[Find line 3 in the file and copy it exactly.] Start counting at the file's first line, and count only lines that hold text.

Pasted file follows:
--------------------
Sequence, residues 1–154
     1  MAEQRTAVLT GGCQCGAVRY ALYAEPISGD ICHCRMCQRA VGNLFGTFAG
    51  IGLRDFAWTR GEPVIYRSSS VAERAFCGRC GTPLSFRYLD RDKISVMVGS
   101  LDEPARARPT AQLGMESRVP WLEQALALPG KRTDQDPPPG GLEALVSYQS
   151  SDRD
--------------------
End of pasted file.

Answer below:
    51  IGLRDFAWTR GEPVIYRSSS VAERAFCGRC GTPLSFRYLD RDKISVMVGS